Making Pottery Barn Candles: Adding the Paint

The final step in recreating the Pottery Barn candles I started yesterday is adding the color. This part was difficult to take pictures of due to the awkwardness of operating a camera and a paintbrush at the same time. But hopefully the pictures I do have will be enough to get you in the right direction. And the nice thing about acrylic paint is that if you don’t like what you’ve done, just paint over it!

Supplies Needed for the Second Part of the Project

  • Rubbing Alcohol
  • Acrylic Paint: off-white (mine is called buff white) and dark brown
  • Small paintbrush for making the fine lines
  • Bigger paintbrush for painting the large areas on the side
  • Stiff brush for stippling and adding texture
  • Paper towel for wiping paint

Start by wiping the candle down with rubbing alcohol. This will remove grease and extra wax from the surface.

Use a stippling brush to put dark brown paint in the knots and in any large gouges.

Paint the entire surface (except for the knots) with off-white paint. Surprisingly, the paint will adhere nicely to the wax, unless you’ve watered down the paint too much, in which case it will bead up. Let it dry.

Then use the small brush to paint dark brown paint in all your texture lines. Use a paper towel to wipe over the grooves, which will keep in paint in the recesses only.

Then mix a little bit of off-white paint with a little bit of brown paint to make light brown paint. Use a paper towel like a sponge brush and stipple this into the low edge of the vertical line to make a shadow.  Also feel free to stipple patches of this color around the candle in patches to add irregularity and depth to the sides.

And that’s that! You can burn these just like a normal candle, and the paint should stay on just fine.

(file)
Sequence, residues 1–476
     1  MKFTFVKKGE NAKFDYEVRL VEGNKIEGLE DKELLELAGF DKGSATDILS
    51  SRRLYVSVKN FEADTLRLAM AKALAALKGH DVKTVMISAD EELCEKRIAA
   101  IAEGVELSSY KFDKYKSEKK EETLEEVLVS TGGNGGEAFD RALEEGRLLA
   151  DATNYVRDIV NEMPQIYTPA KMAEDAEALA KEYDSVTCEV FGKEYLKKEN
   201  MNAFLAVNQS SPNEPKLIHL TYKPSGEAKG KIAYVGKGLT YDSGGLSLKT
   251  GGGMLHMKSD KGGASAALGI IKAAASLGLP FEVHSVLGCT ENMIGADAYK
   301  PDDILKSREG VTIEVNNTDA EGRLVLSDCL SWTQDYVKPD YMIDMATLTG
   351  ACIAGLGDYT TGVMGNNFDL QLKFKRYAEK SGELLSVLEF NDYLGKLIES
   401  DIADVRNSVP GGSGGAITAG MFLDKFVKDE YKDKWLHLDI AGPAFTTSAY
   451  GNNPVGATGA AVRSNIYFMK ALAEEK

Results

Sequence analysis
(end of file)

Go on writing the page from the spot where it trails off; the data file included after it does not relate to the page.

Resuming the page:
Making Pottery Barn Candles: Shaping the Wax

Last week I had my eye on some candles from Pottery Barn. They looked so nice stacked up on the display with their birch bark sides. And they were finally on sale: not cheap enough for me to buy them that moment, but cheap enough to keep thinking about them and talk it over with Hubbs. But I waited too long, and by the time I got back down to the store, there was only one shallow 3-wick candle left.

So I bought the one they had left to use as a sample, and then thought I’d make myself two more to match it. I had no idea that you could do this stuff with pillar candles, and really enjoyed thinking about all the things I could do to candles in the future! (and in the picture above, I think I like mine better than the one in front that I bought)

There are two parts to this project: the texturing and the painting. Today I’ll post about how to sculpt the wax, tomorrow I’ll tell how to add the color.

Supplies needed for part one:

  • unscented pillar candles, off-white color. Unscented is important so the paint sticks to the wax.
  • butter knife/pallet knife/oyster shucker (any kind of smooth metal tool to scrape the wax)
  • wood-burning tool
  • heat gun I didn’t have this tool, but think it would be really useful for softening the wax.

This is a great project to do in a warm spot, near a heater or fireplace. First, get the surface of the wax warmed up a little by pointing a hair dryer or heat gun at it.

When the wax is a little bit soft, use your knife (thats the oyster shucker on the far left that I used) to draw a vertical line from the top to the bottom of the candle. This makes a lip which looks like the candle is wrapped in a piece of bark. Scrape and push the wax down on one side of the line so that the high side is about an 1/8 inch higher than the low side. Then do the same thing halfway round the other side of the candle.

Then take the knife and scrape down the sides of the candle to make it nice and irregular shaped. You don’t want big divots, but you want the silhouette of the candle to have crooked sides, not straight up pillar-candle sides.